Anglo-U.S. relations after the Treaty of Ghent improve just enough for U.S. naval ships to deport African-Americans to Freetown. Madison's successor and fellow Virginia planter, James Monroe, campaigns on outright expelling African-Americans from U.S. territory for their perceived danger and treachery to White Americans, and is a founding member of the American Colonization Society which facilitates the purchase of land further along the coastline next to the Sierra Leone colony in order to resettle African-American ex-slaves.

In Liberia-Sierra Leone

This, however, results in opposition from the British and their agents in Freetown to a neighboring American colony. The British claim the territory bought by the ACS, leading to a standoff between U.S. and British military personnel. An agreement is struck whereby the settlement area of the growing Sierra Leone colony is extended further eastward down the coastline to Cape Palmas.  

1814-1850 in White America

The expulsion of African-Americans does not help the slavery institution in the United States, leading to its abolition in 1833. However, the lands formerly claimed by the now-expelled free Blacks in the Upper South are possessed by both poor White families from Appalachian Virginia and Pennsylvania as well as German emigres. This staves off westward expansion of Virginians and North Carolinians into Kentucky and Tennessee for a time, and also places poor White farmers into direct competition for land and power against the shrinking tobacco planters who once ruled the states.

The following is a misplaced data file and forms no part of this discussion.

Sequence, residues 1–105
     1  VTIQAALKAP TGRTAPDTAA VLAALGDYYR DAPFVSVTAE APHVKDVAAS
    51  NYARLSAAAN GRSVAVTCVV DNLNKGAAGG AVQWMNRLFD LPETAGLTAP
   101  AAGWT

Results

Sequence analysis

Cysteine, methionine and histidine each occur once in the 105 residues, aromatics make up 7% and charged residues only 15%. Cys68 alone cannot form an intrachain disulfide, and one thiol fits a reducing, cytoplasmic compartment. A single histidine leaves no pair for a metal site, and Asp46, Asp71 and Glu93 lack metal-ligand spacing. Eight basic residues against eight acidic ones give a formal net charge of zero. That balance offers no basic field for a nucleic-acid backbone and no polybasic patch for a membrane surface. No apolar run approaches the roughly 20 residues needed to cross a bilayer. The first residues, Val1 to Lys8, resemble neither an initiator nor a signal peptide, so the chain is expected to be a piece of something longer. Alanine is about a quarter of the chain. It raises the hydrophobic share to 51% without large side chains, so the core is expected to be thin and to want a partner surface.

For White Americans who moved to regions formerly occupied by African American slaves and free-people, diversification of agriculture away from tobacco toward food crops would become a great priority. Tobacco planters would begin to sell their plantations in parcels to poor White farmers, while immigrants from Germany and Northern Europe would also flow across Tennessee into the Deep South east of the Mississippi.